A key component to Intelligent Design is using existing visitor data (assuming its available) to inform new development decisions. While there are dozens of website analytic packages out there, Google Analytics (google.com/analytics) covers it just as well if not better than any of them—and it’s free. If Google Analytics is not currently installed on your website, get it done—now! It’s as simple as creating an account and inserting one line of code.
Example: We were working with a custom home builder on a new website. We took an element that was buried three clicks deep on his current website and moved it front-and-center on the wireframe for his new site. The client asked us why. The reason was simple: Google Analytics showed us that this particular feature was the most heavily trafficked part of the site other than the home page itself, and was also where visitors spent the most time. Intelligent Design says to make it easy for site visitors to get to the information or features of the site they really want. And because this was such a popular feature, it begged to be enhanced with the ability to share the content through social media channels—Facebook, Twitter, etc.
Principle Four. The website mirrors the brand.
Now—four principles in—we get to the actual visual components of design. Your brand is the visual, verbal and emotional attributes that define your company and set it apart from the competition. If your company is positioned as technologically advanced, the website design should mirror that. If you are selling a high-end product, you don’t want a website with a 1990s design. If you are a value play, stick with a more basic design. If your company culture is funky and irreverent, mirror that in the design. A website design that is disjointed from your real brand image causes customer confusion and impedes growth. Even if the image you project is aspirational, your website design can help level the playing field with larger competitors and vault your business into a position of prominence and strength in the marketplace.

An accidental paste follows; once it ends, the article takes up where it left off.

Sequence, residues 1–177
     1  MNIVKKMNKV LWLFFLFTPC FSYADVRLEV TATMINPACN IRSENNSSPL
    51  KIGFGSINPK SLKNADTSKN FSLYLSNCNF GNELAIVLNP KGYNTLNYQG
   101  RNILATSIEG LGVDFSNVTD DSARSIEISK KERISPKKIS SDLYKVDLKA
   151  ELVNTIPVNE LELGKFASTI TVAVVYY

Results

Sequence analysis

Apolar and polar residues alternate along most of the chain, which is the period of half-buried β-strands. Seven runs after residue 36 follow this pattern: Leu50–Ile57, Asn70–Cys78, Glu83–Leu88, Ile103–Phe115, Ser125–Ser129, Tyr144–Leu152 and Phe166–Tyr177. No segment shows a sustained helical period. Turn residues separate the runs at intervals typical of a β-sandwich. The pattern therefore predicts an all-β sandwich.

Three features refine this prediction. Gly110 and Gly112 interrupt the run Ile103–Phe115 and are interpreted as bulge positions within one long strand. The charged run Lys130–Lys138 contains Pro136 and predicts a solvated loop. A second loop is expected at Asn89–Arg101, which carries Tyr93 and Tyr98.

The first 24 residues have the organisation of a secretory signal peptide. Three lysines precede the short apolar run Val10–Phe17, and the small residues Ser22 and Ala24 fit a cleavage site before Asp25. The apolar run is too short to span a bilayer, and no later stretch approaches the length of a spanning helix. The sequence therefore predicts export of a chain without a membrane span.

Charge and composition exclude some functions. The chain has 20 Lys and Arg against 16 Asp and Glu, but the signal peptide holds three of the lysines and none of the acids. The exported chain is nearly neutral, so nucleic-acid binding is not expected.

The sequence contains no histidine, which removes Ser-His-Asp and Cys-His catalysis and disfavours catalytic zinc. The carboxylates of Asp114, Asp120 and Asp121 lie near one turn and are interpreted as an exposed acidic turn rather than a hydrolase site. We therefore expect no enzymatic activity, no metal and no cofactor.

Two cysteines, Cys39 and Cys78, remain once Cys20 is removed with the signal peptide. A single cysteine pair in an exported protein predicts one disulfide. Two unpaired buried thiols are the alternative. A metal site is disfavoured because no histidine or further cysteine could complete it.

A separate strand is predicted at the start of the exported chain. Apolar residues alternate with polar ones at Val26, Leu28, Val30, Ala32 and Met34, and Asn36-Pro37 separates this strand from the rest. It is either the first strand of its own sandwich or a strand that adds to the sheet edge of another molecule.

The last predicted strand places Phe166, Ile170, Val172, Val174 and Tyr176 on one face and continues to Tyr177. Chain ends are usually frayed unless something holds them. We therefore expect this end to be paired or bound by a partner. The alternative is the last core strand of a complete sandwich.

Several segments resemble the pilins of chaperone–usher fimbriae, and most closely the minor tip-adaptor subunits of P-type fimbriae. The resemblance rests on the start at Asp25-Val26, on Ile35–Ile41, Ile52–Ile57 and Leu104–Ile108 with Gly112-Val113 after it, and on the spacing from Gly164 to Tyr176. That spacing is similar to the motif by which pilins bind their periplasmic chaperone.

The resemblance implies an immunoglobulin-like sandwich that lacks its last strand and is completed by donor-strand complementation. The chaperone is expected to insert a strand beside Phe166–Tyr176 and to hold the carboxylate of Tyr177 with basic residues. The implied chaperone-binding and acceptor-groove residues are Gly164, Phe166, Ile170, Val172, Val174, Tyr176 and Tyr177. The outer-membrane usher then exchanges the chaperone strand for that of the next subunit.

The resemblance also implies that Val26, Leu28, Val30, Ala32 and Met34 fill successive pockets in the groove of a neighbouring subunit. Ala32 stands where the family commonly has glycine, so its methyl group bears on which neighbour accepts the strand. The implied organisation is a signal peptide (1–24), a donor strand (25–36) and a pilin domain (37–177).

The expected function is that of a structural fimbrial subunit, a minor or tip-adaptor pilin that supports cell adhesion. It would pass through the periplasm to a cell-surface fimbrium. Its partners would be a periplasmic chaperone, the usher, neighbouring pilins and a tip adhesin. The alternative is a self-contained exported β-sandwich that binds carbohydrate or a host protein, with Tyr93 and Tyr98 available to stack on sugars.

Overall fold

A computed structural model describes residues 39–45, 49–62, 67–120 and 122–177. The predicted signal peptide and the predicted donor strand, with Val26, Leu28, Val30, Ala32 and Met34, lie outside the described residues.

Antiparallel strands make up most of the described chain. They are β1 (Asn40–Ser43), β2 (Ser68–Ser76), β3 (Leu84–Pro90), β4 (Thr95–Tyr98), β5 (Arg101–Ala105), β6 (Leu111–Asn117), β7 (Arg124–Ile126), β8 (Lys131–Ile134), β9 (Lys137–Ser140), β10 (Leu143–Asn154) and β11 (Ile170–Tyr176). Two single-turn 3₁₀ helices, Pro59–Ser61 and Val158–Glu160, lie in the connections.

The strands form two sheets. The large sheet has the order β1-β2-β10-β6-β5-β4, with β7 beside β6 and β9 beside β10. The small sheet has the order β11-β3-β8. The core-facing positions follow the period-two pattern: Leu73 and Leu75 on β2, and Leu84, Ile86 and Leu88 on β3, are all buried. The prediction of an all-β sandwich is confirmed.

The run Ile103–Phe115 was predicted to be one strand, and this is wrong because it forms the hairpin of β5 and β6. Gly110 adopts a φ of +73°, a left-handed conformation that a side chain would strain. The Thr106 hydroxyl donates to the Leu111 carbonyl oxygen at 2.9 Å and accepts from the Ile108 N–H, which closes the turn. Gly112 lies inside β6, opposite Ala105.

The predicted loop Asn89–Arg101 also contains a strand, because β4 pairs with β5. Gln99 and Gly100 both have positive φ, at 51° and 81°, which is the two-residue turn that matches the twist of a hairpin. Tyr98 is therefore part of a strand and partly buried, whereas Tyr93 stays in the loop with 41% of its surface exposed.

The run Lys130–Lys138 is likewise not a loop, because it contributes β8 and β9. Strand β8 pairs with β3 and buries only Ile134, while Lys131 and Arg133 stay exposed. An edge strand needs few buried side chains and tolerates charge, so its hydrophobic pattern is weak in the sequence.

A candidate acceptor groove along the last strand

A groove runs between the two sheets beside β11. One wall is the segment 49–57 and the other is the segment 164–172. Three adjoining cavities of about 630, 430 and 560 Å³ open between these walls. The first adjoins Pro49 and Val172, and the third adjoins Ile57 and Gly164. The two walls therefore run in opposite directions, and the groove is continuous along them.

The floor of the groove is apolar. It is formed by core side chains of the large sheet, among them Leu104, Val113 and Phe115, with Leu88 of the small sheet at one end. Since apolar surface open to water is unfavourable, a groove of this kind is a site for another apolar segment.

Principle Five: Don’t let the leaders who know nothing about design dictate the design.
We saved the toughest for last. And it doesn’t take a lot to explain. We’ve seen this happen all too often. If you’re a non-creative-type CEO, recognize the strengths of the people working with you. You still have the vision for the company. You set the strategy. You determine the goals for the website. But don’t get into the weeds and start dictating image selection, font choice and such. Focus on running the business. If you’ve hired the right people to redevelop your website (and I don’t mean your CFO’s teenage son!), trust them to do what they do best.
If you are the marketing director responsible for getting a new website built, have the conversation upfront with your CEO: Who needs to buy-in? Who has decision-making authority? Who just needs to be heard? Get everyone bought in early in the process—during planning and goal-setting. If the information architecture and the wireframe are done properly, design will follow the brand. But paying deference to someone who knows nothing about good design principles is a recipe for wasted time and wasted money—resulting in a website that ultimately underserves both the site visitor and your business objectives.
Intelligent Design dictates that marketing, design and programming work together—but each to their own strengths. (Marketing types have been known to come up with schemes that cause tremendous difficulties during programming. Likewise, many a CEO has been known to murder a good visual design.) When the three work together, that’s when a successful site—as judged by your customers’ action—comes to life.